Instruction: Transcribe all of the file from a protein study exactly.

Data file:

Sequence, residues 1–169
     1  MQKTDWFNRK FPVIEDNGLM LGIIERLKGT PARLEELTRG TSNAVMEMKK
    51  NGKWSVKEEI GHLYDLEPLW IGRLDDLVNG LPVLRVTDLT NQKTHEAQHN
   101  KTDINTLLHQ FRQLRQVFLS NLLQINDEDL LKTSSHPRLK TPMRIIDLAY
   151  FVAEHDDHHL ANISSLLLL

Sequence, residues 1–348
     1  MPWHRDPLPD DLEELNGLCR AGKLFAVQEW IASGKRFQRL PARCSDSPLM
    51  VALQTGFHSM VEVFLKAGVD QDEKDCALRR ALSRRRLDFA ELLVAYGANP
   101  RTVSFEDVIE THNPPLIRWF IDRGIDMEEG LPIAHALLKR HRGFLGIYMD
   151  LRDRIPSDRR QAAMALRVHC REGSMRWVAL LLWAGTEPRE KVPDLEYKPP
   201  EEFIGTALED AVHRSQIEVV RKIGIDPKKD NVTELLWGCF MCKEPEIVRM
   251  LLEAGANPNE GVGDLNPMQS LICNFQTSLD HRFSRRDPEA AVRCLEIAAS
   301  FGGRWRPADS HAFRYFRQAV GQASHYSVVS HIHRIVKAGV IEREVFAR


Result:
Sequence, residues 1–169
     1  MQKTDWFNRK FPVIEDNGLM LGIIERLKGT PARLEELTRG TSNAVMEMKK
    51  NGKWSVKEEI GHLYDLEPLW IGRLDDLVNG LPVLRVTDLT NQKTHEAQHN
   101  KTDINTLLHQ FRQLRQVFLS NLLQINDEDL LKTSSHPRLK TPMRIIDLAY
   151  FVAEHDDHHL ANISSLLLL

Sequence, residues 1–348
     1  MPWHRDPLPD DLEELNGLCR AGKLFAVQEW IASGKRFQRL PARCSDSPLM
    51  VALQTGFHSM VEVFLKAGVD QDEKDCALRR ALSRRRLDFA ELLVAYGANP
   101  RTVSFEDVIE THNPPLIRWF IDRGIDMEEG LPIAHALLKR HRGFLGIYMD
   151  LRDRIPSDRR QAAMALRVHC REGSMRWVAL LLWAGTEPRE KVPDLEYKPP
   201  EEFIGTALED AVHRSQIEVV RKIGIDPKKD NVTELLWGCF MCKEPEIVRM
   251  LLEAGANPNE GVGDLNPMQS LICNFQTSLD HRFSRRDPEA AVRCLEIAAS
   301  FGGRWRPADS HAFRYFRQAV GQASHYSVVS HIHRIVKAGV IEREVFAR